5. You need not design interrupt handlers to be reentrant. When an interrupt handler is running, the corresponding IRQ is disabled until the handler returns. So, unlike process context code, different instances of the same handler will not run simultaneously on multiple processors.

  6. Interrupt handlers can be interrupted by handlers associated with IRQs that have higher priority. You can prevent this nested interruption by specifically requesting the kernel to treat your interrupt handler as a fast handler. Fast handlers run with all interrupts disabled on the local processor. Before disabling interrupts or labeling your interrupt handler as fast, be aware that interrupt-off times are bad for system performance. More the interrupt-off times, more is the interrupt latency, or the delay before a generated interrupt is serviced. Interrupt latency is inversely proportional to the real time responsiveness of the system.

A function can check the value returned by in_interrupt() to find out whether it's executing in interrupt context.

Unlike asynchronous interrupts generated by external hardware, there are classes of interrupts that arrive synchronously. Synchronous interrupts are so called because they don't occur unexpectedly—the processor itself generates them by executing an instruction. Both external and synchronous interrupts are handled by the kernel using identical mechanisms.

Examples of synchronous interrupts include the following:

Assigning IRQs

Device drivers have to connect their IRQ number to an interrupt handler. For this, they need to know the IRQ assigned to the device they're driving. IRQ assignments can be straightforward or may require complex probing. In the PC architecture, for example, timer interrupts are assigned IRQ 0, and RTC interrupts answer to IRQ 8. Modern bus technologies such as PCI are sophisticated enough to respond to queries regarding their IRQs (assigned by the BIOS when it walks the bus during boot). PCI drivers can poke into earmarked regions in the device's configuration space and figure out the IRQ. For older devices such as Industries Standard Architecture (ISA)-based cards, the driver might have to leverage hardware-specific knowledge to probe and decipher the IRQ.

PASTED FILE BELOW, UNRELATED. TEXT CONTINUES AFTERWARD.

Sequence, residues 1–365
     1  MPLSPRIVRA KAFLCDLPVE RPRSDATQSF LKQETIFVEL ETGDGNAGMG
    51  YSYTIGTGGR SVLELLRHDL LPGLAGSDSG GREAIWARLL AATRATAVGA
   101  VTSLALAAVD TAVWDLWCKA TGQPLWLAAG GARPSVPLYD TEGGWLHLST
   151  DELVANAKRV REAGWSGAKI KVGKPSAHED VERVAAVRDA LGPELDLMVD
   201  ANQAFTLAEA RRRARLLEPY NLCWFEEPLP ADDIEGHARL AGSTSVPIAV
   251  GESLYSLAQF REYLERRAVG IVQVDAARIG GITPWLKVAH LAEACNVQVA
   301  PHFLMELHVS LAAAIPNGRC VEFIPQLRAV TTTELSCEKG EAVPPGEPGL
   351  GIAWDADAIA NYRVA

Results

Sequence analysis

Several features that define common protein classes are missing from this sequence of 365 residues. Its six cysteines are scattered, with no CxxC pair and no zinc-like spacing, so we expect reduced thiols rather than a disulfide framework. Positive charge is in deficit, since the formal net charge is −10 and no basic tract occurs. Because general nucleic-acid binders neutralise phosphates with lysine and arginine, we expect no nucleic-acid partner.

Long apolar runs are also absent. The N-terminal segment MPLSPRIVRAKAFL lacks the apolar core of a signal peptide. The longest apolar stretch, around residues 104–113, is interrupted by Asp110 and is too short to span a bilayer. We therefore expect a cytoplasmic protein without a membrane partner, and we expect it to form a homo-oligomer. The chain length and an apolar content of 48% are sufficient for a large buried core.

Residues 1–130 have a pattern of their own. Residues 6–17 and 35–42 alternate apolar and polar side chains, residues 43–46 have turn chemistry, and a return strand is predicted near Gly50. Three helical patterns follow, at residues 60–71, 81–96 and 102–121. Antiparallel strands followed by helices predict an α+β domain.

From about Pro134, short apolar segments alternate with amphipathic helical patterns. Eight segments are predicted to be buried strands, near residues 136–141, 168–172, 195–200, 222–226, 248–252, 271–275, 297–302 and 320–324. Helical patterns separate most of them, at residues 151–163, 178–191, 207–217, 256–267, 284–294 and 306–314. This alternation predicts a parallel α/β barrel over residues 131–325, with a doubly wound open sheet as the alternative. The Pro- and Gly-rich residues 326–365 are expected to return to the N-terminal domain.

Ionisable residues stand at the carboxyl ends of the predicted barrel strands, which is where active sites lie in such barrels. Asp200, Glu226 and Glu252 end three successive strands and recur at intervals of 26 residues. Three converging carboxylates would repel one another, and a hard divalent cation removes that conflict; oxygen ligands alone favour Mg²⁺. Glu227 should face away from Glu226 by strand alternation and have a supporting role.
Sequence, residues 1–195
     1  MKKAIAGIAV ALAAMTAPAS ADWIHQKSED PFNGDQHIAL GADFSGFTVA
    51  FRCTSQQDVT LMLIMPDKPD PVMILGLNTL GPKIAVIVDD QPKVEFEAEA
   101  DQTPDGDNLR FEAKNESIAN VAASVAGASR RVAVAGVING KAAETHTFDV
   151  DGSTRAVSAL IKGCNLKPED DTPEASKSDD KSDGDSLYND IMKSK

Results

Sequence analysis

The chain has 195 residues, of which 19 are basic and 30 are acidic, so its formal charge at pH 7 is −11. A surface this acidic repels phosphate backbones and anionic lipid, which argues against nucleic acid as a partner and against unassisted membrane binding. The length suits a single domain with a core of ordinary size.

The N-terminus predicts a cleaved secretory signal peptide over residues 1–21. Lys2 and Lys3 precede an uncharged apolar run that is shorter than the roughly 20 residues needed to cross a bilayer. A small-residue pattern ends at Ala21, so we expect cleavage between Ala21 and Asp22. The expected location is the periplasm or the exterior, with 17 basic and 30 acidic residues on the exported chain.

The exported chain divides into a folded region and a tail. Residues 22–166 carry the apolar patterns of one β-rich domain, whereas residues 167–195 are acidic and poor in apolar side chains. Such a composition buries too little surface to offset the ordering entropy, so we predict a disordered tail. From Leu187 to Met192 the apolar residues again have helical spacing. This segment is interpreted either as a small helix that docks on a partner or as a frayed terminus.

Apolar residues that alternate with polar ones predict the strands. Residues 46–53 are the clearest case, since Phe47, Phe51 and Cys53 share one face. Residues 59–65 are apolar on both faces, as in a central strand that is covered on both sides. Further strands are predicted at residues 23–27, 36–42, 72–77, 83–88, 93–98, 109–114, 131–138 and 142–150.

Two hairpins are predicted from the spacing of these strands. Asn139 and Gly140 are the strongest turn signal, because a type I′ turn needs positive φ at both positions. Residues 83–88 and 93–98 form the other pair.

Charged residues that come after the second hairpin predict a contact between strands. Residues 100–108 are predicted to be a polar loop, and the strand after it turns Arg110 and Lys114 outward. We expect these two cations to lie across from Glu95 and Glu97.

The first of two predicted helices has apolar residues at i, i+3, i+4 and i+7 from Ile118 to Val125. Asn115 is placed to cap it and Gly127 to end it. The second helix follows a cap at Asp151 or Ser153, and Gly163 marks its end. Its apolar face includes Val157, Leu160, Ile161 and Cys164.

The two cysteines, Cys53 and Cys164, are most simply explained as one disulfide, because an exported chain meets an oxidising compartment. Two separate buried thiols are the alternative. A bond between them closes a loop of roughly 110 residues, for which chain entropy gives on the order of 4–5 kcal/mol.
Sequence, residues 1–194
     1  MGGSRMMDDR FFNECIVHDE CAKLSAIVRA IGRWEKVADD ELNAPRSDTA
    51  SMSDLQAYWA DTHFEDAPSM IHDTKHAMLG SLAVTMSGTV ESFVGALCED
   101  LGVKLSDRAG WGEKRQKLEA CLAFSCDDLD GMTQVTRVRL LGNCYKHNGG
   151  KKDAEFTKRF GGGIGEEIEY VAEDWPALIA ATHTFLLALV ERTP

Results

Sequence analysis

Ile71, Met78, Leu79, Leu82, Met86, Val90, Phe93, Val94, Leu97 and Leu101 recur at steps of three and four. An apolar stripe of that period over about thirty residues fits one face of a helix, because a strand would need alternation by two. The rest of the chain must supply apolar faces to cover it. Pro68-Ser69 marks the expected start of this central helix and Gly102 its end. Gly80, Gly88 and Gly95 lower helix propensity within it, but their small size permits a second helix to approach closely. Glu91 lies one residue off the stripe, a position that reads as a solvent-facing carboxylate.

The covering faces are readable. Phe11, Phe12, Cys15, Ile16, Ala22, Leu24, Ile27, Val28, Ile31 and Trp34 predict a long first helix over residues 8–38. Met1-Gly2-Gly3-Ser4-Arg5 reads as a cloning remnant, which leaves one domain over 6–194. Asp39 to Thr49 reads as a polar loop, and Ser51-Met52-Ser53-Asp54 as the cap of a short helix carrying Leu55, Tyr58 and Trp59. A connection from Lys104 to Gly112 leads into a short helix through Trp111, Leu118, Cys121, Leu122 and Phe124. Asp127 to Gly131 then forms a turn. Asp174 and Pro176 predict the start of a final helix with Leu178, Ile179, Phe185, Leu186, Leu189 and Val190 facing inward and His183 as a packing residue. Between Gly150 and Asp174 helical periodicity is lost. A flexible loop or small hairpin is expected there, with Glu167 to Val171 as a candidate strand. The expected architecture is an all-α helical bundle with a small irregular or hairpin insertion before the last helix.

Take a look at /proc/interrupts for a list of active IRQs on your system.

Device Example: Roller Wheel

Now that you have learned the basics of interrupt handling, let's implement an interrupt handler for an example roller wheel device. Roller wheels can be found on some phones and PDAs for easy menu navigation and are capable of three movements: clockwise rotation, anticlockwise rotation, and key-press. Our imaginary roller wheel is wired such that any of these movements interrupt the processor on IRQ 7. Three low order bits of General Purpose I/O (GPIO) Port D of the processor are connected to the roller device. The waveforms generated on these pins corresponding to different wheel movements are shown in Figure 4.3. The job of the interrupt handler is to decipher the wheel movements by looking at the Port D GPIO data register.

Figure 4.3. Sample wave forms generated by the roller wheel.